Magazine article Marketing

The Marketing Society Forum: Do Consumers Care Whether Cadbury Is British-Owned?

Magazine article Marketing

The Marketing Society Forum: Do Consumers Care Whether Cadbury Is British-Owned?

Article excerpt

Cadbury, a British institution with a philanthropic heritage and a high marketing profile epitomised by its 'gorilla' ad campaign, is now the target of serious acquisition attempts from the US.

YES - ALLYSON STEWART-ALLEN, DIRECTOR, INTERNATIONAL MARKETING PARTNERS

I think consumers do care when there's a threat to one of their favourite brands, especially one with such strong cultural meaning and heritage.

Cadbury has a firm place in British history and is associated with many historical and emotional events, including one of the strongest: childhood. It is seen as wholesome and paternalistic in the way it looked after its employees and the community.

So what concerns Cadbury's many fans is the brand's philanthropy, Britishness and meaning being replaced and reformulated for global audiences, rendering it meaningless in its home market.

As a UK-based American who watched with similar interest the InBev takeover of US icon Anheuser-Busch recently, so far, little tweaking to the brand seems to have taken place.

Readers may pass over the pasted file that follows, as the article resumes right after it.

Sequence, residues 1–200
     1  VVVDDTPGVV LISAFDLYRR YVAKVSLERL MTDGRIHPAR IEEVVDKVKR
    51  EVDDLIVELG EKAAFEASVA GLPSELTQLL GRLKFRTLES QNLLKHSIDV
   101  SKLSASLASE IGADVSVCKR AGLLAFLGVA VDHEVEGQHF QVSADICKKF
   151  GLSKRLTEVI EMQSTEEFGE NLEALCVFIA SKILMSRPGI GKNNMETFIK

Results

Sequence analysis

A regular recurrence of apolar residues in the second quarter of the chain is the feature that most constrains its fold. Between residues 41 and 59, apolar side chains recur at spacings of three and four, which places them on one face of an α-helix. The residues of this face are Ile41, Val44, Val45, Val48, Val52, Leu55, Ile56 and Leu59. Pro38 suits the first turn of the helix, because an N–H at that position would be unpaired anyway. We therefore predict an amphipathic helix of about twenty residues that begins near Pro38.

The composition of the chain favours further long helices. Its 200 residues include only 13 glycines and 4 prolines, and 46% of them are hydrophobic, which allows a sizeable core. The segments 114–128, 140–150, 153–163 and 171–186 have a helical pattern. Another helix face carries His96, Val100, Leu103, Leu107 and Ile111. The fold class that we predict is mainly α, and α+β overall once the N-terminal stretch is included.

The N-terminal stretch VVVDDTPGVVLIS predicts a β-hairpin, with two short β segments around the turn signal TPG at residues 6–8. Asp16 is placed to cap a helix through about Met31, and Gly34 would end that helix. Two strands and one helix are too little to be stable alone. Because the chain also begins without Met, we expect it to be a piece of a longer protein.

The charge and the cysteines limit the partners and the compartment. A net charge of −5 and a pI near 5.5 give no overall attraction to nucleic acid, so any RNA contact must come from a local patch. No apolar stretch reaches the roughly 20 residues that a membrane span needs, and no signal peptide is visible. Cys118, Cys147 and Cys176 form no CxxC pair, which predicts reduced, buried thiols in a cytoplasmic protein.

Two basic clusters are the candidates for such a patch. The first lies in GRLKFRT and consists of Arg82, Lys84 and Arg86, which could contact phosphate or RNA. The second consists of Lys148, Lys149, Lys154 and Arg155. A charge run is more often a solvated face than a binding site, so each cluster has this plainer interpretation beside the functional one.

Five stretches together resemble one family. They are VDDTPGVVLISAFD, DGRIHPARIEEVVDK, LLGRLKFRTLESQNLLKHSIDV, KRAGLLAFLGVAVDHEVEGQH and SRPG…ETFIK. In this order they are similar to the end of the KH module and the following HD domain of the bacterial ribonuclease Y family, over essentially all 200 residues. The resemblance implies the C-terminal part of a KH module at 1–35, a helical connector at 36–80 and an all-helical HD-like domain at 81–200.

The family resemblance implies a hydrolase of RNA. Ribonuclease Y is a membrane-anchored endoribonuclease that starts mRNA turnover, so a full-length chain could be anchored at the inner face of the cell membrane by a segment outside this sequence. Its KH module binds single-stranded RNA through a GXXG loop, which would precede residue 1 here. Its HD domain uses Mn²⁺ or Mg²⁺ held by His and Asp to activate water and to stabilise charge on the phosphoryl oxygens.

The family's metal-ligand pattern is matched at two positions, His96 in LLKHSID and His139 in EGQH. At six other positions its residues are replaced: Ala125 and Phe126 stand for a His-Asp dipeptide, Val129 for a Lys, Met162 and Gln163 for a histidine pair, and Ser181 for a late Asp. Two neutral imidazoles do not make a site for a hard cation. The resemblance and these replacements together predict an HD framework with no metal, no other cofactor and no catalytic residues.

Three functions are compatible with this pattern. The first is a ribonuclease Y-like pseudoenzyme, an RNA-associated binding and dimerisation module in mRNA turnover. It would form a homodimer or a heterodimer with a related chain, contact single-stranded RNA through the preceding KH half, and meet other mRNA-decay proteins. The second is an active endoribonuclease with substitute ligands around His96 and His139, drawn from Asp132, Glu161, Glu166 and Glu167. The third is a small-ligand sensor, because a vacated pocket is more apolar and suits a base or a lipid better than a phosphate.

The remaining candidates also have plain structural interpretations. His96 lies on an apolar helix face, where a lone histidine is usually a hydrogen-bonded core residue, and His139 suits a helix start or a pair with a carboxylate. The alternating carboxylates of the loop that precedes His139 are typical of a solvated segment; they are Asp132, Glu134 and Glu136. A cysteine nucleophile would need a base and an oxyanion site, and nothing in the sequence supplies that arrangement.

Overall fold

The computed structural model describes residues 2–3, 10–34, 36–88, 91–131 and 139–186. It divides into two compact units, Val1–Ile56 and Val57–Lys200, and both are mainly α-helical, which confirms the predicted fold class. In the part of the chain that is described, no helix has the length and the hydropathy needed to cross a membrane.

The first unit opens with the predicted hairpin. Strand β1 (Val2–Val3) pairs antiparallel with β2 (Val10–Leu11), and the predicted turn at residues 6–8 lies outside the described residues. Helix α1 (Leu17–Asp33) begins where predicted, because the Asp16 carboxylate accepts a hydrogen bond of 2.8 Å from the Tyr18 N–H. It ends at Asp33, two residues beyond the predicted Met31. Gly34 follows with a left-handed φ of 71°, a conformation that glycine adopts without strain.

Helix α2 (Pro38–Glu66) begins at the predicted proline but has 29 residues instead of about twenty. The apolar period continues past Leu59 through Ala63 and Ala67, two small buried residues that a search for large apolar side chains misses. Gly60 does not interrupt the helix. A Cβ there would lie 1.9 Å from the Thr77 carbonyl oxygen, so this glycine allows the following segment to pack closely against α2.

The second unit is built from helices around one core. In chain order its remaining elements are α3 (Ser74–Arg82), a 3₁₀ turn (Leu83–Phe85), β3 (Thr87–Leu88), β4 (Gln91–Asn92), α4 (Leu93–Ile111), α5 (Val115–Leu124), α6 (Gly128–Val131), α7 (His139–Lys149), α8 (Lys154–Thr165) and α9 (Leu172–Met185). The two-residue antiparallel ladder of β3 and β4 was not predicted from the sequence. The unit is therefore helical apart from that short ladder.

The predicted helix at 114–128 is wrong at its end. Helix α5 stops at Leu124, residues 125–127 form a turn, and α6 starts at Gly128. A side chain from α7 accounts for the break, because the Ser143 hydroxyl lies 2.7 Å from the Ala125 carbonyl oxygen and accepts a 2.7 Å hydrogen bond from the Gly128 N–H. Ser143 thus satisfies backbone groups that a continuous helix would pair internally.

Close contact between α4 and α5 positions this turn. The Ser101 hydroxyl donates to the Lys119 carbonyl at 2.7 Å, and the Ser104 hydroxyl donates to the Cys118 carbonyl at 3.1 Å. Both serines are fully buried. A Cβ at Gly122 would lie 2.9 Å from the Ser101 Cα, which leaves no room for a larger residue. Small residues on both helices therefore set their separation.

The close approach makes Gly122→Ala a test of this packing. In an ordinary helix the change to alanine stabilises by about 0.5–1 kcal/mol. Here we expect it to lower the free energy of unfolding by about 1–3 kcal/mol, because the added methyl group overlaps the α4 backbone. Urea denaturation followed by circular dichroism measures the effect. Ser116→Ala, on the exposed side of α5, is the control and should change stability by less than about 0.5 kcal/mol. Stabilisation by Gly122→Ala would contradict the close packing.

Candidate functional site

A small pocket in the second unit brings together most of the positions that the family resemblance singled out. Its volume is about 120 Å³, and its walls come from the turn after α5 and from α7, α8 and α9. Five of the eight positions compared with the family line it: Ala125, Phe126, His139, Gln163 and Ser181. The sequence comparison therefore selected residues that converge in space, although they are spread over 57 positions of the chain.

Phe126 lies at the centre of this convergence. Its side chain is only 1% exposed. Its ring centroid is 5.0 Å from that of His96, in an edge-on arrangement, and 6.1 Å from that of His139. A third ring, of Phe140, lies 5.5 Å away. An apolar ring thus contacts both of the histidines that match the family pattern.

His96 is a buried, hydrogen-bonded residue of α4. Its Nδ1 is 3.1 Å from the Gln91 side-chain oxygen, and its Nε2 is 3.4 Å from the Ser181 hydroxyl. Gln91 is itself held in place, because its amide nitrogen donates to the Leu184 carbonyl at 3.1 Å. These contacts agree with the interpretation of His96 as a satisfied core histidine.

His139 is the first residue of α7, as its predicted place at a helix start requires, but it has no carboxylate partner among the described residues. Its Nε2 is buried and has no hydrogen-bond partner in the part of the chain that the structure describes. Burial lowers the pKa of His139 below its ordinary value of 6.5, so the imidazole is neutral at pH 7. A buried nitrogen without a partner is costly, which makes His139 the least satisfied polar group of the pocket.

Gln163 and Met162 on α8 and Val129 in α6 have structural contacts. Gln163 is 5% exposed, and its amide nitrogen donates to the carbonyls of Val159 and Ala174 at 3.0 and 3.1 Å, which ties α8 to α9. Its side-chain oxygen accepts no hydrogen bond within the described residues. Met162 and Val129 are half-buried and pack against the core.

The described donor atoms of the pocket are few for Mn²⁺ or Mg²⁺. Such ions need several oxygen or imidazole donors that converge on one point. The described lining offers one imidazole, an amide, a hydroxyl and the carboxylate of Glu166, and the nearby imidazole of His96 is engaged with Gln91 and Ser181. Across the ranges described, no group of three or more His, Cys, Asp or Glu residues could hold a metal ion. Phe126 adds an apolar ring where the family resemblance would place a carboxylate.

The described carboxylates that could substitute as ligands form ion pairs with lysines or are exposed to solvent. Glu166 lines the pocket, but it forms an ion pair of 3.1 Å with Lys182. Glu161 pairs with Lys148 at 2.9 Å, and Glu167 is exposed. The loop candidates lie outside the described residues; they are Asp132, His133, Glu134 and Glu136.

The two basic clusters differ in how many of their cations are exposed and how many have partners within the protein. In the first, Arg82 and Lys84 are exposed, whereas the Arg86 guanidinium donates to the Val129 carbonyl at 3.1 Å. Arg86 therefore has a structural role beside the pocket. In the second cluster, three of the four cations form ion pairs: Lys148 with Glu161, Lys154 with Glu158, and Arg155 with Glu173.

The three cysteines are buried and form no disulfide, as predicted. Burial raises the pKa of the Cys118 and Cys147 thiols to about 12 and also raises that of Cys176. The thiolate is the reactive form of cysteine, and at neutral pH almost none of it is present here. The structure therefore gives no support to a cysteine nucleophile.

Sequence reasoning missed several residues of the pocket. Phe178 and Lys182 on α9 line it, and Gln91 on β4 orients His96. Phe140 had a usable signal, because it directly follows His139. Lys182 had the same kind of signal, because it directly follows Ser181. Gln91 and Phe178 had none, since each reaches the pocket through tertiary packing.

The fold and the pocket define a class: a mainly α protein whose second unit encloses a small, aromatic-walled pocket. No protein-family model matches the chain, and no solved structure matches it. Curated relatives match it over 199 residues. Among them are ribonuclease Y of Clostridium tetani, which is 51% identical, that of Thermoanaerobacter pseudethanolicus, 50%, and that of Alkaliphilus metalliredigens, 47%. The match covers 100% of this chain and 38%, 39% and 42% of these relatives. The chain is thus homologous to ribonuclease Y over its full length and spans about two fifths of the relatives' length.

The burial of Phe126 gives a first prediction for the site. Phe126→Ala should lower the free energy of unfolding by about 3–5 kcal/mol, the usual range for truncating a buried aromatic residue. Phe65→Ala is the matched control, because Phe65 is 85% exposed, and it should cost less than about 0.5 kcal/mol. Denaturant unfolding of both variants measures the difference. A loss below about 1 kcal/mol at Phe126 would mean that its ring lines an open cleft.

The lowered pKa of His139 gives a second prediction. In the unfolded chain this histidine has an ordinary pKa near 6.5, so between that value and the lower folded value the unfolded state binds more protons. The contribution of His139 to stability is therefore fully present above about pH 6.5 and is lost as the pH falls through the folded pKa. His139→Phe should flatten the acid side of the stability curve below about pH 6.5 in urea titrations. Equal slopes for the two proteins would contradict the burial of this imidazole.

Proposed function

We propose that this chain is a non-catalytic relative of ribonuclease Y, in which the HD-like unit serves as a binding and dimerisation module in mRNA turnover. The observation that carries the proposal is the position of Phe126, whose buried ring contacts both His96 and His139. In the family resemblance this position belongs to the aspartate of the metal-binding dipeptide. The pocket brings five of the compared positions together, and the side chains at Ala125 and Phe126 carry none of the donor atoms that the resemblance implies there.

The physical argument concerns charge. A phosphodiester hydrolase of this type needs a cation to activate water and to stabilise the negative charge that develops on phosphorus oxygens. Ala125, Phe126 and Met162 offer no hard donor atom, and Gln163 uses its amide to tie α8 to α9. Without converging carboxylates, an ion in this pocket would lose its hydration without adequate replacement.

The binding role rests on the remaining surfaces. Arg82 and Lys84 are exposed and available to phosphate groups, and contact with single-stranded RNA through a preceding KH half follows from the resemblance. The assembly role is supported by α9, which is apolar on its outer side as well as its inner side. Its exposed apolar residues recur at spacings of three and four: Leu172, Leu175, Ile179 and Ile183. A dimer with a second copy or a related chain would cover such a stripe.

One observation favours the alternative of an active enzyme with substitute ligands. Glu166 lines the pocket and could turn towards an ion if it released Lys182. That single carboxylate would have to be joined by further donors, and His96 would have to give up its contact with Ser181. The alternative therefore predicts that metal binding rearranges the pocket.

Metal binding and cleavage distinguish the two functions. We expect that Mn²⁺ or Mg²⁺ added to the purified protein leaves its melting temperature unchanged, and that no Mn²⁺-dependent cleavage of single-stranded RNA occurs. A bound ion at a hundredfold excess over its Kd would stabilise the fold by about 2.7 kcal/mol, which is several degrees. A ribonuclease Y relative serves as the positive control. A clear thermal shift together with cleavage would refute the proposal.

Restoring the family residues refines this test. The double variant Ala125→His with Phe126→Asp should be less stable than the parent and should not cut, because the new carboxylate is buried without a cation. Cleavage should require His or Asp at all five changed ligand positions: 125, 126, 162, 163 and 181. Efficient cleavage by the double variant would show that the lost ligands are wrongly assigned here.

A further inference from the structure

The game is about market dominance and share rather than upsetting the loyal custom and cash flow from the fans. Let's hope Kraft plays the game similarly carefully, should it win the battle for Cadbury.

NO - BART MICHELS, MANAGING DIRECTOR, ADDED VALUE UK

First Abbey, then Asda and now Cadbury - for crying out loud.

A little British gem, potentially going the way of many before it in the worldly financial machine. It's not news that local institutions are sometimes bought by predatory international companies, but it always leaves one feeling a little sad.

Good old Cadbury. Born in Bournville, with homely Midlands philanthropic roots, the spiritual home of chocolate, the purveyor of life's little innocent simple pleasures, it could finally go Stateside - but do consumers really care?

The media will make this another example of British business failure, and the tabloids will have you believe that, as Americans don't know how to make real chocolate, it's the end as we know it.

However, as long as Cadbury can preserve its local roots in personality, use gorillas, not put a hint of Hershey or Kraft anywhere on pack, and, above all, keep sacred the glass-and-a-half taste that people really buy into, all this will soon be forgotten. …

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